Surgical resection represents the most effective treatment of cerebellar liponeurocytoma.[1,3,7] Total resection of the tumor is associated with a good outcome. Residual tumor and a high Ki-67 index are considered as risk factors for recurrence. Systematic post-operative radiotherapy is not recommended following a gross total resection and should be reserved only for recurrences and tumors expressing a high Ki-67 index.[5,8,9] Recurrence occurs after a mean interval of 8.5 years; thus, follow-up periods should be prolongated. Multifocality is exceedingly rare in liponeurocytoma. To the best of our knowledge, only 5 cases have been previously reported. In all cases, tumors were located in the posterior fossa, bilateral, or in the same cerebellar hemisphere [Table 1]. Whenever possible, total surgical removal should be the gold standard treatment in case of multifocal cerebellar liponeurocytoma. Even in multifocal lesions, we consider that post-operative radiation should be reserved only for cases already operated on with a recurrent lesion and a high proliferative index. Spinal MRI is recommended in patients with liponeurocytoma, as lumbar localization has been described in the case of Anghileri et al., occurring 11 years after posterior fossa tumor resection.
|Author/year||Age(year)/Sex||Location||Treatment-adjuvant therapy||Proliferative index||Follow-up/recurrence|
et al. 2013
|54/F||- The largest lesion in the fourth ventricle extending to C1 level
- The second lesion in the right cerebellar hemisphere laterally
|Subtotal resection of the tumor through a suboccipital craniotomy||Ki-67 low||• MRI at 2 years after surgery showed enlargement of a residual nodule: surgical removal
• 2 years later, a second recurrence and a new left cerebellar nodule: radiation proposed but declined by the patient
et al. 2015
|49/F||- The largest lesion in the left CPA
- The second lesion in right cerebellar hemisphere
|Excision of the left-sided lesion through a left retro mastoid suboccipital craniectomy||<1%||Not reported|
et al. 2015
|42/M||- The largest lesion in the left CPA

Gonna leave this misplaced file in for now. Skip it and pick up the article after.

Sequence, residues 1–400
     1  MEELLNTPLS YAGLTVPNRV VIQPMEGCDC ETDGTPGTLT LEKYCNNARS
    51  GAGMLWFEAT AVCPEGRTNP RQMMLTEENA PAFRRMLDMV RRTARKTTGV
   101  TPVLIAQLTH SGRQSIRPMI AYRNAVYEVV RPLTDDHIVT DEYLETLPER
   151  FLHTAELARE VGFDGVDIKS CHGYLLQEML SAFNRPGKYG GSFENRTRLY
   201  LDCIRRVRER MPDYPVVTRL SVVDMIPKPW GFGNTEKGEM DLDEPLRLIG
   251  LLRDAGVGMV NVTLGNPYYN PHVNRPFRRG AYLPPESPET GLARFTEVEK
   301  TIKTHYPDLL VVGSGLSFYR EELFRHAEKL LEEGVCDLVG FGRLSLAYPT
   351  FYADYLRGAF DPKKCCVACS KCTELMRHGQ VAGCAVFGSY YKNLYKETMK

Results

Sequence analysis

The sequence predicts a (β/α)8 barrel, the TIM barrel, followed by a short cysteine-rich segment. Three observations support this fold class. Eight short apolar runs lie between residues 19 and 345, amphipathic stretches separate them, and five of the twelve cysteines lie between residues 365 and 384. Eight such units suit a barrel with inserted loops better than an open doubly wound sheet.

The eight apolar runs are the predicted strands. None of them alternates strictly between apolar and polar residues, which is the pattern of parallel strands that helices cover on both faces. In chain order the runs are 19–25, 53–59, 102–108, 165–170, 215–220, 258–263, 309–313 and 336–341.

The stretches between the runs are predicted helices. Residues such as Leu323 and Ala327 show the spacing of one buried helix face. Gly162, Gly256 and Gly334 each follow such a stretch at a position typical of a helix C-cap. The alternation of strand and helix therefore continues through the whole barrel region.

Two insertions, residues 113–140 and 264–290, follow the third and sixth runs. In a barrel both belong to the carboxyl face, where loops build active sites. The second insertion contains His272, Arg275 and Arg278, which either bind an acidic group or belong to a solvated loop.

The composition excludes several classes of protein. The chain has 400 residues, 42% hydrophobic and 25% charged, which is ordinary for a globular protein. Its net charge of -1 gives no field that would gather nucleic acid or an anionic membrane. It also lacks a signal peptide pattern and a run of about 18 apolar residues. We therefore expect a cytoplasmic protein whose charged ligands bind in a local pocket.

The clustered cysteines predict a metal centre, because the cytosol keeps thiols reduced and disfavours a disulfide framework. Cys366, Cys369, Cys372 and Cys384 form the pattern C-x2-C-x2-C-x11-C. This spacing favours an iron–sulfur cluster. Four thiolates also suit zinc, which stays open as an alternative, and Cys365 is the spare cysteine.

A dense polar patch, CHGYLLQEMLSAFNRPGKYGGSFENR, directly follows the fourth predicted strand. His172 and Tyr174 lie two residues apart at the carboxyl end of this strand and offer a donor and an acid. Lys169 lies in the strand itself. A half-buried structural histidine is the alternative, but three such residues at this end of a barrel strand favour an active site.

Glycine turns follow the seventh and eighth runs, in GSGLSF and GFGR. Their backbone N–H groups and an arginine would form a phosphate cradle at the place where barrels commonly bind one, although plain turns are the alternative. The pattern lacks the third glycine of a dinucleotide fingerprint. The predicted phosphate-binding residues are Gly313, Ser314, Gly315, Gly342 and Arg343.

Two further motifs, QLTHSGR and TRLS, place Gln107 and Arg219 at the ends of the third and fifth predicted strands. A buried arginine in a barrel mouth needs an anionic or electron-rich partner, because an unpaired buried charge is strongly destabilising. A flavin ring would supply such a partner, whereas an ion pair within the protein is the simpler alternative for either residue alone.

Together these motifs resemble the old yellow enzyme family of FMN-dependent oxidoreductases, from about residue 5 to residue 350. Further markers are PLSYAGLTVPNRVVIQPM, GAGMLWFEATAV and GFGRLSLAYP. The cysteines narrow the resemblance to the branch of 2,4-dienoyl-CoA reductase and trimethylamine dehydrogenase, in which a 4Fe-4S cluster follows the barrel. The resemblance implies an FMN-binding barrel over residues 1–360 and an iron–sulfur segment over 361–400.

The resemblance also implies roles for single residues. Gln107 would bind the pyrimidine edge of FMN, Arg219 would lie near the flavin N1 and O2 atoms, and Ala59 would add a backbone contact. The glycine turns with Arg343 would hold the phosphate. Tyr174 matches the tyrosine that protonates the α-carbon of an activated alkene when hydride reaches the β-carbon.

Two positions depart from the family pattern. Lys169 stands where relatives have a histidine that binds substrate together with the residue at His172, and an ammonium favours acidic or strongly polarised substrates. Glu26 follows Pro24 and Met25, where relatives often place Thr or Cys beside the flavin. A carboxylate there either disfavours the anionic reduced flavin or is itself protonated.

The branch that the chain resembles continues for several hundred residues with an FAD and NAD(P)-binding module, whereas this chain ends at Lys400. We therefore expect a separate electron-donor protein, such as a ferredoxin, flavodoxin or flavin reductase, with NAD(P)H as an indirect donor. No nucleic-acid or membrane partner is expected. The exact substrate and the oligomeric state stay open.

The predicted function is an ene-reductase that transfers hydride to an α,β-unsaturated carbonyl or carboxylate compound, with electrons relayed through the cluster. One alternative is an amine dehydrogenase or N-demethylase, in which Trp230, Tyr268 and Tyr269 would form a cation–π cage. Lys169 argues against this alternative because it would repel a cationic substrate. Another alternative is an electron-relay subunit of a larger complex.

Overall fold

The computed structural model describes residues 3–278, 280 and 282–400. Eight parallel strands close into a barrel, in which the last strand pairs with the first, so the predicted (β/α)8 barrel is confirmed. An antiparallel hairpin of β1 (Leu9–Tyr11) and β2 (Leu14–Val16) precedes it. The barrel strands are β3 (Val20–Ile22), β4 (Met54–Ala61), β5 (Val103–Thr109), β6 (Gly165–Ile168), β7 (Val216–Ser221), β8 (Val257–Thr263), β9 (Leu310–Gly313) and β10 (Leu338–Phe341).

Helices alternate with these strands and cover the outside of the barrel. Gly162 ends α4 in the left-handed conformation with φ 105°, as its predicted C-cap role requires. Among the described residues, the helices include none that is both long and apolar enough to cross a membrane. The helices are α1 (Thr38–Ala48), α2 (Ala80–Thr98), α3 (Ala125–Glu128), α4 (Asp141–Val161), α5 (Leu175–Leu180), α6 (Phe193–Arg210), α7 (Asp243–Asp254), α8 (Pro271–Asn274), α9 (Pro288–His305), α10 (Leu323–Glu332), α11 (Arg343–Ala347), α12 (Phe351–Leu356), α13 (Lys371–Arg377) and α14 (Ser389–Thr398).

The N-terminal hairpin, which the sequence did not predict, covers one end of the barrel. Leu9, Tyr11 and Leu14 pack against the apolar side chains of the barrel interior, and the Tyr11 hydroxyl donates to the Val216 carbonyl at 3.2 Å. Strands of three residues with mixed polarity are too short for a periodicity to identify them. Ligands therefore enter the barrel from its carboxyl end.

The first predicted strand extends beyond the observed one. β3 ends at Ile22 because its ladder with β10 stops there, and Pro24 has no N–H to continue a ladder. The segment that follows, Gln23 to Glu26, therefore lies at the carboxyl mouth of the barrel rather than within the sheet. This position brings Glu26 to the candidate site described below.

- The second lesion in the right cerebellar hemisphere
|Not reported||Not reported|
et al. 2017
|37/M||- The largest lesion in the vermis with extension to the left hemisphere
- Multiple other lesions in both cerebellar hemispheres
|Near total excision of the largest lesion,
Radiotherapy 60 Gy
|MIB 6%||MRI at 2 years after surgery showed no recurrence, the remaining lesions remained the same, no additional lesions|
et al. 2018
|36/F||- The largest lesion in the left cerebellar hemisphere
- The second lesion in the right cerebellar hemisphere
|Gross total resection of the largest tumor through a left paramedian sub-occipital craniectomy||Ki-67 low||MRI at 8 months postoperatively: No residual tumor nor recurrence. The other lesion did not change. A new tumor appeared in the right cerebellar hemisphere: radiotherapy|
|Present first case||59/F||- The largest lesion in the left cerebellum
- The second lesion in the right cerebellum
|Total resection of the largest tumor through a left paramedian sub-occipital craniectomy||Ki-67 <1%||MRI at 1 year after surgery: No recurrence of the resected large lesion, no changes in the contralateral small lesion|
|Present second case||68/F||- The largest lesion in the vermis and the left cerebellar hemisphere
- The second lesion in the left cerebellar hemisphere laterally
|Total excision of both lesions through a left paramedian suboccipital craniotomy||Ki-67 <1%||CT scan at 3 months after surgery: no residual tumor|